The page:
Minister for Mineral Resource and Energy D.Zorigt has said reaching an agreement with Rio Tinto and Ivanhoe Mines will be “hard, but not impossible, as we are keen on it”. Admitting that “we can’t provide cash payment” for 34% ownership of the Oyu Tolgoi project, he said the Mongolian side had asked Rio Tinto for advance payment of taxes but the company was yet to agree. Expressing the hope that the negotiation will be concluded in the scheduled time frame, he said the Government would issue a statement by February 1 on the progress and status of the talks.
Asked about Mongolia’s advantages and disadvantages at a time when commodity prices keep slumping and things are not very good for the mining industry, the Minister said, “We are neighbor to one of the biggest economies in the world. Our deposit has good grade and size. There are some difficult issues, such as infrastructure. Also the world economy is going through a slowdown. But we have to look far into the future and make a deal not just for today.”
Source:  www.business-mongolia.com
Most of the companies said to be in the running for securing rights to the Tavan Tolgoi deposit are keeping people guessing about their true intentions. A spokeswoman at the Rio de Janeiro headquarters of Cia. Vale do Rio Doce has said the company doesn’t comment on market rumors. Peabody spokeswoman Beth Sutton said she couldn’t immediately comment.
Vale President Roger Agnelli last year said copper and coal were two of the most interesting growth areas for Vale. “Investment in the coal business is an important part of Vale’s growth strategy,” and the company “has coal projects in different stages of development in Australia, Mongolia and Mozambique,” Vale said in a December 23 statement.
Another company reported to be interested is China Shenhua. Its parent Shenhua Group Corp., the country’s biggest coal company, has started building a USD690 million cross-border railway to transport coal and copper from Mongolia, China’s State-owned Assets Supervision and Administration Commission said in a January 20 statement on its Web site. China Shenhua will own a majority stake in the railway.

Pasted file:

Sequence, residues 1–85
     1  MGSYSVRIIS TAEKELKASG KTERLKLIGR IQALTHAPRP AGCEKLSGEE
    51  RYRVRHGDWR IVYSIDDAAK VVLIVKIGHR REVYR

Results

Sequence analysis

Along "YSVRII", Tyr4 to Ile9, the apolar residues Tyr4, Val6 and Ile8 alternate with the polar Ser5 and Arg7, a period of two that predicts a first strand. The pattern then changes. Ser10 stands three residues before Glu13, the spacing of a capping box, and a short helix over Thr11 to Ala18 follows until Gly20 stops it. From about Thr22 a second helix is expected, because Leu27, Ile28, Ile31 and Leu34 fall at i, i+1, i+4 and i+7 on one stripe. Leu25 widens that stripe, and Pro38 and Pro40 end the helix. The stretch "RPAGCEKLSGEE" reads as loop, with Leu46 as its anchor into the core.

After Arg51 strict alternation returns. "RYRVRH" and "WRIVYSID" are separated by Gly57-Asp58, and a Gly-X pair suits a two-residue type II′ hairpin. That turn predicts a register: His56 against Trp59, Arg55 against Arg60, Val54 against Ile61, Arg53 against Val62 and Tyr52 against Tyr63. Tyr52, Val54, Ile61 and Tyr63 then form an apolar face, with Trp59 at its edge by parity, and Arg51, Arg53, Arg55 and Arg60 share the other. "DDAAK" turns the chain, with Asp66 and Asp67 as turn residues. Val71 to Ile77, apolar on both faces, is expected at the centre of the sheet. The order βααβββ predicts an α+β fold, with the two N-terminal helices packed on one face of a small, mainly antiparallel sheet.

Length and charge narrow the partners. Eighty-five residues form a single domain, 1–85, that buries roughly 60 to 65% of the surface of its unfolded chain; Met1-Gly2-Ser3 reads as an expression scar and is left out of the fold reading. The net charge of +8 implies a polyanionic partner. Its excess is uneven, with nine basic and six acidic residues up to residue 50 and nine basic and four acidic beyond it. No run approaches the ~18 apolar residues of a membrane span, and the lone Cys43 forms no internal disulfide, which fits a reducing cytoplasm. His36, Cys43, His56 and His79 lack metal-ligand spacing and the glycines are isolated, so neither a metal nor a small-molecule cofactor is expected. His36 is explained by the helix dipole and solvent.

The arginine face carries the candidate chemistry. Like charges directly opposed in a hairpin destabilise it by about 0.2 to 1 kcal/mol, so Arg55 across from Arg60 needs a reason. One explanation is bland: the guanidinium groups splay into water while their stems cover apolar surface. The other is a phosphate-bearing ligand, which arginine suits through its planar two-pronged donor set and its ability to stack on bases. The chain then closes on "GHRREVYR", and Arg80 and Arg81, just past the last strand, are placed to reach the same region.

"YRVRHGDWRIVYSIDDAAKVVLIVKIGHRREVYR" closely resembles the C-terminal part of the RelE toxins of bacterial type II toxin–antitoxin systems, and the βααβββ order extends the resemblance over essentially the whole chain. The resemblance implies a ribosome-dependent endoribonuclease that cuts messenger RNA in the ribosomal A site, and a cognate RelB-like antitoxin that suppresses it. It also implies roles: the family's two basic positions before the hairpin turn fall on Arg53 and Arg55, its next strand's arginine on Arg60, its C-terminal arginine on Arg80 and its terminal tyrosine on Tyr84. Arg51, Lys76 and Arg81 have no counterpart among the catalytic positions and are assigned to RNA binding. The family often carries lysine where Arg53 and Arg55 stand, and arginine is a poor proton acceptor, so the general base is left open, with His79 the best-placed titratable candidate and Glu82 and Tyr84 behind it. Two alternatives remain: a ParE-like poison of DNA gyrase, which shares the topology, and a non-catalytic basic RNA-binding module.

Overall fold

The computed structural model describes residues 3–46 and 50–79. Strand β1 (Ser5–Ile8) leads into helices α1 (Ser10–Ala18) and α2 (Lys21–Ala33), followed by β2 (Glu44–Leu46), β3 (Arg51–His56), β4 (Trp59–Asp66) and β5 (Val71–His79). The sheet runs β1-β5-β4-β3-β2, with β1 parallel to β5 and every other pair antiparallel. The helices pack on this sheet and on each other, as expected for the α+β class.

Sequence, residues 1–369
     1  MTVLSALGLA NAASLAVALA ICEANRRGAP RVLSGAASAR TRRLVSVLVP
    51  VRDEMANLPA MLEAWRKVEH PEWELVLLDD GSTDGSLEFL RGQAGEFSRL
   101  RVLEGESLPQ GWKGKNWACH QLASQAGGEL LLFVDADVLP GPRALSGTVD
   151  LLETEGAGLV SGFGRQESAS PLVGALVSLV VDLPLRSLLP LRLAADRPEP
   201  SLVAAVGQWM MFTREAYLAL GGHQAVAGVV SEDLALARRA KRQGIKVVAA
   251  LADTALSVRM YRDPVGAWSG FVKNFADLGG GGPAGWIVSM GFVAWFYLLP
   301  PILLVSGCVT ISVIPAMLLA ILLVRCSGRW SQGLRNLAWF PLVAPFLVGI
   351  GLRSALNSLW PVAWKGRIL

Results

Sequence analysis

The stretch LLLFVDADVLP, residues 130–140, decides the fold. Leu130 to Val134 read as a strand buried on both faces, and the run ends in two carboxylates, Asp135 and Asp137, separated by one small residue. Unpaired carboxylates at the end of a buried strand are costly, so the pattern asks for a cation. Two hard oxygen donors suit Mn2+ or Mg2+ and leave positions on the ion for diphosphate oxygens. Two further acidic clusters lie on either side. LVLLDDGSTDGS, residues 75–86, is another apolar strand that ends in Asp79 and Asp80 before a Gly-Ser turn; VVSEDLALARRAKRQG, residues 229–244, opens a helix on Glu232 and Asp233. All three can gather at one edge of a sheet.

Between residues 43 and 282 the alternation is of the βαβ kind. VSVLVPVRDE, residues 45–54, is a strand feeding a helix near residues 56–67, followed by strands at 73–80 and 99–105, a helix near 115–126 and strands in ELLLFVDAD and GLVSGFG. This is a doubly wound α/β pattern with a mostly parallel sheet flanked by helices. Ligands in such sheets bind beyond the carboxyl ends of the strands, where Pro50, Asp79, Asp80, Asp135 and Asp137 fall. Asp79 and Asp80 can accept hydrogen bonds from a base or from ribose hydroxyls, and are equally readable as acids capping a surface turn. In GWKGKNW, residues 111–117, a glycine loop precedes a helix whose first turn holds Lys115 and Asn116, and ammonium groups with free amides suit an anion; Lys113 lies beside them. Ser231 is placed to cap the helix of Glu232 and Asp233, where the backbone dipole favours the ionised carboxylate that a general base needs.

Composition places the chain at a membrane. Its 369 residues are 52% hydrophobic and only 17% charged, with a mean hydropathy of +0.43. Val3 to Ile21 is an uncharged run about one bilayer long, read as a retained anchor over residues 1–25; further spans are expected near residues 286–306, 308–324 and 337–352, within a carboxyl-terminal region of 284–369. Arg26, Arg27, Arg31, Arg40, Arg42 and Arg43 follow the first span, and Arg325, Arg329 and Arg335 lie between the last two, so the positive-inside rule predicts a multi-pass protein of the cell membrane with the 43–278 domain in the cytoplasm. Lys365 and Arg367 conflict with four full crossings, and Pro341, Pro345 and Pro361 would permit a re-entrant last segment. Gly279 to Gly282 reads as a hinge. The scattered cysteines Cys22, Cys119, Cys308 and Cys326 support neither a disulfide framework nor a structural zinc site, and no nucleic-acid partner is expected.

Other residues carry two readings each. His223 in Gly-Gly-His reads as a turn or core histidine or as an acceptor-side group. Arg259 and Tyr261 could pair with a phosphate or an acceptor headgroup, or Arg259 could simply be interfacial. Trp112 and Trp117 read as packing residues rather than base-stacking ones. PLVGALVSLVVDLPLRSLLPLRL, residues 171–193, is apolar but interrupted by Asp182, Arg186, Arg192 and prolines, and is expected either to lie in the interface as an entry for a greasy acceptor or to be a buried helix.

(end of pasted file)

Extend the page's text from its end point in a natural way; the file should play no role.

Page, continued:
Source: Bloomberg.com
Prime Minister Sanjin Bayar has welcomed the plans for modernizing the Ulaanbaatar Railway Company which “must become part of an international transportation corridor from Asia to Europe”. Briefing media after a meeting in Irkutsk between Russian and Mongolian government delegations, Mr. Bayar said, “Mongolia affords a wealth of minerals that cannot reach the consumer. That is why the right approach would be to upgrade the existing railway network simultaneously with developing our mineral resources."
Expressing his “happiness with our new partner and with the good plans it proposes to fulfill our common dream of the future of the Ulaanbaatar Railway," he hoped that with the assistance of its new partner, the Russian Railways Company, which has the necessary resources, “Mongolia would get access to markets in the wider Asia-Pacific region and also in Europe.”
Source: Itar-Tass, Montsame
The financially troubled Ulaanbaatar Railway Company, beset with falling passenger traffic and decreasing volume of freight, posted a loss of MNT28 billion last year. It is considering asking some 7,000 of its nearly 16,000 workers to go on unpaid leave for an unspecified period. The Minister of Transport has set up a working group to study the company’s finances over three days before a decision is taken.

  Be first to comment this article
RSS comments

Only registered users can write comments.
Please login or register.

Powered by AkoComment Tweaked Special Edition v.1.3.0

< Prev   Next >

Google Comment

Join us with your Google account....

General Discussion


Latest Forum Posts


Members: 1283
News: 2217
WebLinks: 17
Visitors: 12378010

Google Translation

Translate This Website

Mongolia Websites

During the Stalinist purges of the 1930's almost every monastery in Mongolia was destroyed. In 1979 an atlas was published in Ulaanbaatar by Mr. Rinchen with an overview of more than 900 religious sites that used to exist in Mongolia. However a lot the information listed seems to be not accurate. A research has been initiated to get a better idea of all the buddhist buildings that once stood in Mongolia.